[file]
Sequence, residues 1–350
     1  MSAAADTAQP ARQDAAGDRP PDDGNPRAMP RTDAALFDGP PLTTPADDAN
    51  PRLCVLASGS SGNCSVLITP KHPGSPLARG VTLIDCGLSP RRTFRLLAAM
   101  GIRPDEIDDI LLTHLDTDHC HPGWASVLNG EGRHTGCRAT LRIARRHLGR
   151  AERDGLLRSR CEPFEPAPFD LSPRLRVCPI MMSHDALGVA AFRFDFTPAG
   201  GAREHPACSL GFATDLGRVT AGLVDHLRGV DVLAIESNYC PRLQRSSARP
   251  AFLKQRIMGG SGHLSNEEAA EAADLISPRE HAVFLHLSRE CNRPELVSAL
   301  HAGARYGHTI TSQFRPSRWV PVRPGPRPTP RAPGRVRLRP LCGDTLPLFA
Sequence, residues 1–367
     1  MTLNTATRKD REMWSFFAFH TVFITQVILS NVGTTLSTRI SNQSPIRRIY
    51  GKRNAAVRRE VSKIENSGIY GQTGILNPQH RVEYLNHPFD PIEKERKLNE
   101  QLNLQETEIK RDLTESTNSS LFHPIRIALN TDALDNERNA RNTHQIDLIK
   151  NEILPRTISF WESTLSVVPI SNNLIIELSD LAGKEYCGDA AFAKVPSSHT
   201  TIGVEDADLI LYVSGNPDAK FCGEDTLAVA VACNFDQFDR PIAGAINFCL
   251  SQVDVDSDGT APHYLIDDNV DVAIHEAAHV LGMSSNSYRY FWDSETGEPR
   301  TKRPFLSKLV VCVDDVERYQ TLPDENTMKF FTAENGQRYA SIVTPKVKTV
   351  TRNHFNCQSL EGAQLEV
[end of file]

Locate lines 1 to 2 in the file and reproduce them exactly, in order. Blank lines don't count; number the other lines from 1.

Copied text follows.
Sequence, residues 1–350
     1  MSAAADTAQP ARQDAAGDRP PDDGNPRAMP RTDAALFDGP PLTTPADDAN